Re: villains who mimic powers, you left out…the Mimic.

“Vanessa was a Fembot?” I think stories where it turns out to be a robot imitator are practically a sub-genre. Hulkbot vs Iron Man in Iron Man #9, Xmen #100; the fake Sentinels in Champs #17; LMD’s in Nick Fury; pretty much every time the FF nailed Doom it turned out to be a Doombot, the list goes on.

Under the Hulk topic, I think the Hulk vs Thing clashes are a definite subset. It has happened many times, and probably many more since the Bronze Age, but my favourites are that second meeting in FF #25 and Starlin’s Marvel Feature 12.

Under Super heroes being manipulated as pawns in a bigger conflict, I guess the Secret Wars is the biggest if not the best. ( Do I have to put a dollar in the cuss-word jar now?)

Are you including magical / supernatural thrall / mind control as part of hypnosis or point 6? Puppet Master, Moondragon, Doc Strange, Killgrave, Charley, Jean, Sauron, I guess Dracula, Morbius? Can’t remember if he could do that, if the films are to be believed, Wanda. And who could forget Xemnu the Titan? Lots of possession stories.

Yet another genre is surely ‘while under the evil influence of…. [insert name of poison, magical artefact, radioactive substance, alien ray, really bad mood here]’.


Edo Bosnar said...

Hmmm, I think the truly most obvious one is missing: the 'misunderstanding,' wherein one hero confuses the other for a bad-guy, or one of them steps into the middle of a situation and then acts rashly without knowing all of the facts. This one applies to a goodly portion of Spidey's duke-outs with other heroes (esp. when the other guy has apparently read too many of JJJ's editorials). A few examples off the top of my head include Marvel Team-up #65 - Spidey and Captain Britain, Spider-man #187 (mentioned by me in another post just the other day), in which Spidey and Cap mix it up, the first issue of Iron Fist, when he fights Iron Man, and Spider Woman #20, in which she tussles with Spidey - as noted, Spider-man really dominates this category.

Anonymous said...

Richard's last point reminded me of the time when the Thing was briefly able to turn back into Ben Grimm at will but it affected his mind and he turned against the FF - in FF #111 or thereabouts.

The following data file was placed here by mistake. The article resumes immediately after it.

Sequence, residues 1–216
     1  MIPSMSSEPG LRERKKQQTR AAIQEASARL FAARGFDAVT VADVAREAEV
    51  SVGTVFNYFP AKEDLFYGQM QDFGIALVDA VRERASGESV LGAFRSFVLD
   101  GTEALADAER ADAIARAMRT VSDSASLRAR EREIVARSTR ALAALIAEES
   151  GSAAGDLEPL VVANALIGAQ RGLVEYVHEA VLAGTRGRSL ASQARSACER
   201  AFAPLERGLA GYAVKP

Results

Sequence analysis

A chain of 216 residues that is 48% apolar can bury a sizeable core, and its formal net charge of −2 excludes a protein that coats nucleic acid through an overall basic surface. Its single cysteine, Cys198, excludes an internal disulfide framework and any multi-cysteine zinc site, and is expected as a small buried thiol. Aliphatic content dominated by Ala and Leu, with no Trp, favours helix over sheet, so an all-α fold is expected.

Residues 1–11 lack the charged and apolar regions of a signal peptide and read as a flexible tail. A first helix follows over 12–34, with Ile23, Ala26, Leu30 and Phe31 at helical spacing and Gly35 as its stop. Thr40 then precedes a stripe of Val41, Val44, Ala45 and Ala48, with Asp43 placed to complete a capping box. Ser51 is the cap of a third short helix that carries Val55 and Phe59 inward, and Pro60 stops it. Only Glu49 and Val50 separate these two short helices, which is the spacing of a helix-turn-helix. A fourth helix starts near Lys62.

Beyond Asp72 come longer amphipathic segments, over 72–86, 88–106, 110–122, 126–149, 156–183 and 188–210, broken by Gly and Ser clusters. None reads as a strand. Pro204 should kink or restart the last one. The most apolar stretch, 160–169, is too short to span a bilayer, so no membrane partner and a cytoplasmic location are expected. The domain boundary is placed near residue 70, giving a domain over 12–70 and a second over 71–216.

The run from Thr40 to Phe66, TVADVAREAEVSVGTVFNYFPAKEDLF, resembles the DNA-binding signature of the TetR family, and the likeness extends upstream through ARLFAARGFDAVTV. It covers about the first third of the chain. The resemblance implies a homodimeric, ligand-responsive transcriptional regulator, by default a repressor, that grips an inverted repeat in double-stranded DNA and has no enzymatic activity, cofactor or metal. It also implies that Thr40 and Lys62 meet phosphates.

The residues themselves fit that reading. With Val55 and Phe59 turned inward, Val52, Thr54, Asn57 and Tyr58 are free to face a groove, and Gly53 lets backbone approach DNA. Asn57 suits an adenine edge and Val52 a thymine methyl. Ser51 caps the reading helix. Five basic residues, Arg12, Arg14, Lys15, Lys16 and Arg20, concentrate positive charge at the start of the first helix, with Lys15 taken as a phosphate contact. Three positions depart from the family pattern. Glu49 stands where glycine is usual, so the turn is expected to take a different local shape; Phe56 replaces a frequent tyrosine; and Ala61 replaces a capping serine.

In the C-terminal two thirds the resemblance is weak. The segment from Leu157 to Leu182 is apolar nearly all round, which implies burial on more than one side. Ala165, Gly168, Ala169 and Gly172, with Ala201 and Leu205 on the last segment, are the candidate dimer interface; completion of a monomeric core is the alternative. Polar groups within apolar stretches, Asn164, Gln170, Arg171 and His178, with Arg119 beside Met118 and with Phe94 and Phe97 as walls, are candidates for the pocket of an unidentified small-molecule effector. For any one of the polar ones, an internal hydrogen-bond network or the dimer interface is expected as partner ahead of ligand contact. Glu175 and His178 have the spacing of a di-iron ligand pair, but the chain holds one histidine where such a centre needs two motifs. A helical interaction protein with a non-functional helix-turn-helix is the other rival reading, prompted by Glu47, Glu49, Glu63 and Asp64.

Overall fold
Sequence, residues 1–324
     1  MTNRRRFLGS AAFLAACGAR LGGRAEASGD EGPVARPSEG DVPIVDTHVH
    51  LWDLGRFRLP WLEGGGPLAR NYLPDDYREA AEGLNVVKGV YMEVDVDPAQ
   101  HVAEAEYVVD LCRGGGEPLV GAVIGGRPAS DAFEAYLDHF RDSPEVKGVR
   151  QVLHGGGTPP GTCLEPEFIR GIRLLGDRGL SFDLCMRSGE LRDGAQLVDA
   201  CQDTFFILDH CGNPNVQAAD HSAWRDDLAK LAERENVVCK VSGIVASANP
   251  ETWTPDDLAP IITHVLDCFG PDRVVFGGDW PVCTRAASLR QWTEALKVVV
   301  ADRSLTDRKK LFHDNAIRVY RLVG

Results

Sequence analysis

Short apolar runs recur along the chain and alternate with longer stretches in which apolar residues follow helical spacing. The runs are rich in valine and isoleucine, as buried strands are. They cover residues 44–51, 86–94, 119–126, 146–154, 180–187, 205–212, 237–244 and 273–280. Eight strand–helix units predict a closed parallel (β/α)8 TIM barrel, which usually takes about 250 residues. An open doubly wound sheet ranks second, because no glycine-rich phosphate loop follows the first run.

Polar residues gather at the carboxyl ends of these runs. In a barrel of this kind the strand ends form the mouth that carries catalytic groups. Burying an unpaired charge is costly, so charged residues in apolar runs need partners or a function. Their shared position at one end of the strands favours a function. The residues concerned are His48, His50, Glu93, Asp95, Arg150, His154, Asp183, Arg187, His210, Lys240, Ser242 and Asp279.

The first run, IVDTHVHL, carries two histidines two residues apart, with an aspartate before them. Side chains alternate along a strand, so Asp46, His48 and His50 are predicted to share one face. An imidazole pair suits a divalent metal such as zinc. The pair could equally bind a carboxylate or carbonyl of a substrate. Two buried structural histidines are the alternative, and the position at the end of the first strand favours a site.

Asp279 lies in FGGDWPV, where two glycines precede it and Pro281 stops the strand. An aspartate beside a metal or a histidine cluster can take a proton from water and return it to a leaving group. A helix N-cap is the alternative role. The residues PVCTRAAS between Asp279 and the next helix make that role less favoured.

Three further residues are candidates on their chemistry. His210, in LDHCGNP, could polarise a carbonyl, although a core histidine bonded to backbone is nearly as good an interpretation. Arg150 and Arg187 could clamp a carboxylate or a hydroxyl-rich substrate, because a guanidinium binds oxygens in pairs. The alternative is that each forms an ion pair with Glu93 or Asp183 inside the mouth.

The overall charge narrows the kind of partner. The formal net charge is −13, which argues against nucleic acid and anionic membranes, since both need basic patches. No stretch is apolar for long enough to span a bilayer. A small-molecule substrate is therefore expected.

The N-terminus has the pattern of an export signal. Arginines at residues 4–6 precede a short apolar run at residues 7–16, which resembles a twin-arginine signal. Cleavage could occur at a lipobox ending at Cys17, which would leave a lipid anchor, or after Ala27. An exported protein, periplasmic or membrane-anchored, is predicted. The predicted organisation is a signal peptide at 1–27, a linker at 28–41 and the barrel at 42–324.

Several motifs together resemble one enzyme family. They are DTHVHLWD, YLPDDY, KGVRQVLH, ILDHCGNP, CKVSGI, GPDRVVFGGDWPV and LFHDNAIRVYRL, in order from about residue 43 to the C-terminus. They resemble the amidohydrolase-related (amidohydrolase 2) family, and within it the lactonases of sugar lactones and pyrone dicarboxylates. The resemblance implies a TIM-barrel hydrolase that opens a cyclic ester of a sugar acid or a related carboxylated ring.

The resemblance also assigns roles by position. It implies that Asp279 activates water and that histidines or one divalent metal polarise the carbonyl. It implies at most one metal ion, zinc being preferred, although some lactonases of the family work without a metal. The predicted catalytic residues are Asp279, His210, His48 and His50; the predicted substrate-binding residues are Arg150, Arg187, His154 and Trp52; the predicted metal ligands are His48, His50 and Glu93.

Redartz said...

Great topic, Colin! And lots of examples to mine...

Edo- you nailed a biggie with the "misunderstanding". Especially in regards to Spider-man; there was a whole string of such tales in the Silver Age. Medusa, Quicksilver and Black Widow, all within a fairly short span. Plus the Prowler ( the character, not our friend) and Iceman, not long after. Wonder if he could have sued JJJ for defamation.

DC characters seem to have been vulnersable to the same situations. Green Lantern and Green Arrow were often at odds. Superman would fall prey to red K. Oh, and then there's Guy Gardner ( oh, hey, there's another trope: one or more of the characters is a jerk)...

William said...

Well Edo, I guess it's true what they say, great minds think alike. I had just written this entire post out and then saw your entry. (Palm slap to my forehead). Here is the post I had written before I ever came to the comments section. Remarkably similar. LOL

What about the "Misunderstanding"? Wherein on superhero battles another because they mistook them for an enemy, or some other kind of threat.

A great example of this was one of the best hero vs. hero issues of the silver-age, Fantastic Four #73 where Reed, Ben, and Johnny, battle Spider-Man, Daredevil, and Thor. Why? Because the FF mistakenly think that DD is another DD, DOCTOR DOOM! (Don't ask). So Spidey and Thor decided to help old horned out with the FF, and well you can pretty much guess happens next, SUPERHERO FIGHT!